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"Restricted, repetitive patterns of behavior" is one of the criteria for the diagnosis of autism. Clinicians and other professionals who work with autistic individuals often consider these behaviors as undesirable and even problematic. Often, there is a focus on reducing those behaviors through behavioral approaches. What behaviors are these, specifically? Some examples are:

  • repetitive play

  • lining up/piling up toys

  • stimming (self-stimulatory behaviors)

  • echolalia

  • need for sameness

  • adherence to routines

  • "special" interests

I would like to share a different perspective on these behaviors that I have developed in my practice. Some of my observations are also complemented by information gleaned from writings by autistic adults.

Repetitive play and Lining up/Piling up toys

Autistic children usually play in repetitive and rigid ways when they do not have the skills to play more freely. To play, a child needs to be able to regulate their emotions, to tell a story, to understand the emotions and behaviors of others, to make planned movements, and to coordinate and solve problems with others if playing together. Many of those are challenging for an autistic child. Always playing in the same way allows a child to be sure of success. It is also a familiar, comfortable activity that allows a sense of control and reduces the anxiety that usually comes with a lack of skills.

Lining up or piling up toys is one example of repetitive play that is very common. By arranging objects, a child can self-regulate and organize their world in a way that makes sense to them. If adults on the spectrum have collections or favorite objects, they can be sensitive to others touching, moving, or re-arranging them because it violates their need for the order that is comforting and is based on their own rules.


Self-stimulatory behaviors, often referred to as "stims," can involve movements, vocalizations, as well as mental processes. "Stims" can serve the following many functions:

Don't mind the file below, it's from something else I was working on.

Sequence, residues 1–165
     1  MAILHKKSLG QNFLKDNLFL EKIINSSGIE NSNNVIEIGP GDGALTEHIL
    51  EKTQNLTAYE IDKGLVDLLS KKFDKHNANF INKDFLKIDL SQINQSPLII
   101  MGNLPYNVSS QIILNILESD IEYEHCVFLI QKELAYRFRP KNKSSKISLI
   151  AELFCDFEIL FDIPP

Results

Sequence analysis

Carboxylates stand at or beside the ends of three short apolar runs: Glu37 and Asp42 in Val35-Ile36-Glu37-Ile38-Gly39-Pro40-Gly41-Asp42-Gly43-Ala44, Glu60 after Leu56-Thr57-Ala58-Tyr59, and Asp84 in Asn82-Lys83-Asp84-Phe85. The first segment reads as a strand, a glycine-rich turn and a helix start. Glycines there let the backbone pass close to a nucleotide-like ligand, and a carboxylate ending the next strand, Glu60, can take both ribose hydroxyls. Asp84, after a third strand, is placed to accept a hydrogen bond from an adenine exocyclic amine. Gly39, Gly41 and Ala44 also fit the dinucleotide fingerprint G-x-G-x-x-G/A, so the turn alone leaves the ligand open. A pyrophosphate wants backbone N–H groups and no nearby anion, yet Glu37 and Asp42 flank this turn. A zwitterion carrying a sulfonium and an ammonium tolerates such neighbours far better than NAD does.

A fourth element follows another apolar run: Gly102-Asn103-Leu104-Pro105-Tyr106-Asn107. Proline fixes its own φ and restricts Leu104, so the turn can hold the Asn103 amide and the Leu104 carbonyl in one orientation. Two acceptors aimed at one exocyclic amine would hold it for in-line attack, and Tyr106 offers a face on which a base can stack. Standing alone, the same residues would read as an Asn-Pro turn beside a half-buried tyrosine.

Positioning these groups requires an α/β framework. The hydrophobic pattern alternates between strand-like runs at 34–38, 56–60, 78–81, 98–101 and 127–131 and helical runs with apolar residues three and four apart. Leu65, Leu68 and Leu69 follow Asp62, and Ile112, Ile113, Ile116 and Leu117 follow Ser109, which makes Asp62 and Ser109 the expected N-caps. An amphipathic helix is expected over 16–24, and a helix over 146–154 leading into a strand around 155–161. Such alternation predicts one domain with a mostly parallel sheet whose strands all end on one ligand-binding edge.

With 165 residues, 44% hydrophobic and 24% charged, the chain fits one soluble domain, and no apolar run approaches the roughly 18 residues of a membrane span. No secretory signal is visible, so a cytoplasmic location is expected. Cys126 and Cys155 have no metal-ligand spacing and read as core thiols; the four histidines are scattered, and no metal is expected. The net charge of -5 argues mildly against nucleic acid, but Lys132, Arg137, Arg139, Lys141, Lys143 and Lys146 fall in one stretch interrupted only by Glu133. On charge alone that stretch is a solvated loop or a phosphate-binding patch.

•Overstimulation: Stimming can help block out unpleasant or overwhelming sensory input

•Under-stimulation: Stimming helps provide extra sensory input when needed

•Self-soothing and comforting, stress release

•Pain reduction:

•Repetitive impacts can reduce the overall sensation of pain

•Possibly, stimming causes the release of beta-endorphins in the body, which then causes a feeling of anesthesia or pleasure

•Management of emotions:

•Both positive and negative emotions

•Joy or excitement -- jumping or hand-flapping

•Frustration or anger – stim can become destructive



Echolalia is defined as the "meaningless repetition of another person's spoken words." Echolalia can be immediate or delayed.

Consider the following exchange:

Parent: Do you want some juice?

Child: Juice.

This is an example of immediate echolalia. You might want to say, let's get rid of it, the child is not answering the question, they are just repeating the last word they heard. But if you leave the content out, you can see that the child understands that question requires an answer. The child understands that a conversation involves back and forth. The child is using echolalia to follow the form of the question-and-answer type exchange. You can build on that strength to move a child forward to being able to answer questions. It will likely take learning core vocabulary and a lot of practice. It can be done using behavioral strategies of shaping and positive reinforcement of approximations to the correct answer, or it can be taught via modeling. If you get rid of the echolalia, you will lose an opportunity to use it as a bridge to more functional communication.